3. Now Click onAdd Custom Property and also specify the following settings in the Add Custom Property dialog box, and then click Add:
o Path – Select /Root/Application/Streams.
o Name – Enter flushInterval.
o Type – Select Integer.
o Value – Enter 25.

4. Repeat the previous step to add the onFlushNotifyClients property using the following values:
o Path – Select /Root/Application/Streams.
o Name – Enter onFlushNotifyClients.
o Type – Select Boolean.
o Value – Enter true.

5. Click on Save option, and at that point restart the application when incited to apply the changes

XML configuration To smooth playback using the flush Interval setting:

1. Use a text editor to open the [install-dir]/conf/[application]/Application.xml file for your live application and add the following properties to the Streams/Properties container. Ensure that you add the properties to the correct <Properties> tag which has container in Application.xml as there are several such containers in the file.
2. <Property>
3. <Name>flushInterval</Name>
4. <Value>25</Value>
5. <Type>Integer</Type>
6. </Property>
7. <Property>
8. <Name>onFlushNotifyClients</Name>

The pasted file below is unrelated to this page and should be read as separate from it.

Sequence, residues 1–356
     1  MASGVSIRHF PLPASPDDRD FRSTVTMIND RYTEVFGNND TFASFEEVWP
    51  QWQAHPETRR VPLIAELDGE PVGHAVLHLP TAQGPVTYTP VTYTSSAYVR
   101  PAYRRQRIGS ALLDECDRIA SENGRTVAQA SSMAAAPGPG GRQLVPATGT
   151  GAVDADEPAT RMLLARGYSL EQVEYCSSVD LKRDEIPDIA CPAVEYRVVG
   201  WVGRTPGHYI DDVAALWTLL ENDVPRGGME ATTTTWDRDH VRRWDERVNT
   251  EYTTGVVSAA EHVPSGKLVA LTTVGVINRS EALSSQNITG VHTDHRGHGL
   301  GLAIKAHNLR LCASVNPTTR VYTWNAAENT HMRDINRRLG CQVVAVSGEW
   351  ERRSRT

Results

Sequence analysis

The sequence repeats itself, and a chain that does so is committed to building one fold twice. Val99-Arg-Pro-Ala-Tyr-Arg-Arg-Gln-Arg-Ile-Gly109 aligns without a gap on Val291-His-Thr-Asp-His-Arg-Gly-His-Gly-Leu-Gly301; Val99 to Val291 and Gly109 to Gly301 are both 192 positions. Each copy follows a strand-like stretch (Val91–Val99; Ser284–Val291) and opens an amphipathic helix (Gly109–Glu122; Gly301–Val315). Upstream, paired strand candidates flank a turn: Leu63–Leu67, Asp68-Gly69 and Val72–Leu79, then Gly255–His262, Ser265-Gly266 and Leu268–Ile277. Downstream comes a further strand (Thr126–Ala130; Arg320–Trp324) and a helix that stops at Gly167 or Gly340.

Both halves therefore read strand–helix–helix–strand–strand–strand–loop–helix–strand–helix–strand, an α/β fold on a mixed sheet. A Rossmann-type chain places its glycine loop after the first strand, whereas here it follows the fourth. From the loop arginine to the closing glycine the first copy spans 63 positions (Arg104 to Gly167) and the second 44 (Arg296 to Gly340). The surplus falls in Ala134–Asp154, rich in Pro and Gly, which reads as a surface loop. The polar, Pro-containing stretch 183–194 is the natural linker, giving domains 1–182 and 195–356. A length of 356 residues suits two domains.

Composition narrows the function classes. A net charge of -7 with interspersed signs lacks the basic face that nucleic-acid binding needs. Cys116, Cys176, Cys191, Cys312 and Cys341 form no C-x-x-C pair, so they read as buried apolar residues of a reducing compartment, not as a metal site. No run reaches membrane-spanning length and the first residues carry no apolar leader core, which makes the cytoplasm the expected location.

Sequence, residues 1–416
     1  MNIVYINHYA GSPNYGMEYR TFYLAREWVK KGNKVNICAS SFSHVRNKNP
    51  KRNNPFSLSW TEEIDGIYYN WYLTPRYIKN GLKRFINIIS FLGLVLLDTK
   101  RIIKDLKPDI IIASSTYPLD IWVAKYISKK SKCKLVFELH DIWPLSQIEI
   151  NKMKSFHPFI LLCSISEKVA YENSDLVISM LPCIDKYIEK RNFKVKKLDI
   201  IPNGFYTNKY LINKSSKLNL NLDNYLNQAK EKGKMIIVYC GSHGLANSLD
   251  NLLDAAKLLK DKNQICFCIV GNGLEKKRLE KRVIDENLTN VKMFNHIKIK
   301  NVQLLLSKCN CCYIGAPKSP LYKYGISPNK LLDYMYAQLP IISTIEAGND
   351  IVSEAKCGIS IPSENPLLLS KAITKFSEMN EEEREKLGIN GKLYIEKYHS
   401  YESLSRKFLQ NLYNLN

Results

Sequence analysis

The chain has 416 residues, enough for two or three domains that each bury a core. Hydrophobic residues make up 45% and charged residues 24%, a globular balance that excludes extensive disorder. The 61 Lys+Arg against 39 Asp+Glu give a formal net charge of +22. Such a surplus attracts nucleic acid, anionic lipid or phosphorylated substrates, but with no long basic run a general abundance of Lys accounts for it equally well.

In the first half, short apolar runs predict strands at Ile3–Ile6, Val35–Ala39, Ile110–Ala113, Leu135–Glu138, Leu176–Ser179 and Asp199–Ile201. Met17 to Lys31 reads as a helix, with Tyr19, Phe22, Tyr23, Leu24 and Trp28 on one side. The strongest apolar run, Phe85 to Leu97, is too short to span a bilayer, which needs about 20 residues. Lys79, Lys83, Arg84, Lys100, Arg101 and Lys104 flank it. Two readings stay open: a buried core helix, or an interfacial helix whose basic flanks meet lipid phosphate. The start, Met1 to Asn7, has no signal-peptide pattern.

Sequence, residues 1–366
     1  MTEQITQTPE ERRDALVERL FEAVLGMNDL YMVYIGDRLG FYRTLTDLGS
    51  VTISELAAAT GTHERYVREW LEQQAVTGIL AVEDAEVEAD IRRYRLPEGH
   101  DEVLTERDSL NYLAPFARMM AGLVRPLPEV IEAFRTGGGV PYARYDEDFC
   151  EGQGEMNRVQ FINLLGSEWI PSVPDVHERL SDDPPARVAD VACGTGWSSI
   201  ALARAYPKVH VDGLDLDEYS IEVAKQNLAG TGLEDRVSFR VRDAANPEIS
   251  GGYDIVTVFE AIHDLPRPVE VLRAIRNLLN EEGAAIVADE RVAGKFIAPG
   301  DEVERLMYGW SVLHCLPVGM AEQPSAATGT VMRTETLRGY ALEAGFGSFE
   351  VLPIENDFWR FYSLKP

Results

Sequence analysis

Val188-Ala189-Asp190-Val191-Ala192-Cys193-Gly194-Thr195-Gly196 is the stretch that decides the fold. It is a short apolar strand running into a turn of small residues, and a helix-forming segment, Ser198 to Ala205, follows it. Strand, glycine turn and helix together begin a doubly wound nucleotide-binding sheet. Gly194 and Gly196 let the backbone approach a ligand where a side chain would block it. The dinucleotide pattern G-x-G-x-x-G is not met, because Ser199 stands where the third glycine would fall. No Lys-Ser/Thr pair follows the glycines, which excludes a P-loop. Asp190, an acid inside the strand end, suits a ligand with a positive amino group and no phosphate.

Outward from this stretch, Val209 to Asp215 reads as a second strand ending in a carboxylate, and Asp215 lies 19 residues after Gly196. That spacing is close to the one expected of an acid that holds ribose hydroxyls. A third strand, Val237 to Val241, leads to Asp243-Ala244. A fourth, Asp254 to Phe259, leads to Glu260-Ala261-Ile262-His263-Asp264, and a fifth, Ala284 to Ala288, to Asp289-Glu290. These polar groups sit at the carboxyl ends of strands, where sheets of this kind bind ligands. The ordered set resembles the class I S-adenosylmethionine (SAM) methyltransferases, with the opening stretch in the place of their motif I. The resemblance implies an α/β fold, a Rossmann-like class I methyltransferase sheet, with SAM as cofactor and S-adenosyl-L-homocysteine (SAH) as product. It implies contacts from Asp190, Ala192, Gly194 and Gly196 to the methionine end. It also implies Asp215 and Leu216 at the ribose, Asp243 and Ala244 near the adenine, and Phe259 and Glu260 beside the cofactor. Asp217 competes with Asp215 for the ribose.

9. <Value>true</Value>
10. <Type>Boolean</Type>
11. Restart the Webnexs media server software to apply the changes.
Encoding recommendations

Inactivity is moreover presented into the prepare on the encoding side. We’ve found that you can accomplish exceptionally moo inactivity encoding utilizing the Flash player’s built-in encoding (Microphone and Camera).

The built-in encoding framework in the Flash player uses Sorenson Spark (a variation of H.263) for video and Speex for sound. To accomplish low idleness, it’s imperative that you arrange your encoder to create a sensible quality at the least conceivable bitrate.

The VideoChat illustration in your Webnexs media server program establishment is a great illustration of how to utilize the built-in Streak encoder to deliver a inactivity stream.

Expanding the frame rate and/or diminishing the keyframe interim can progress playback time in a few cases.


Leave a Reply

Your email address will not be published. Required fields are marked *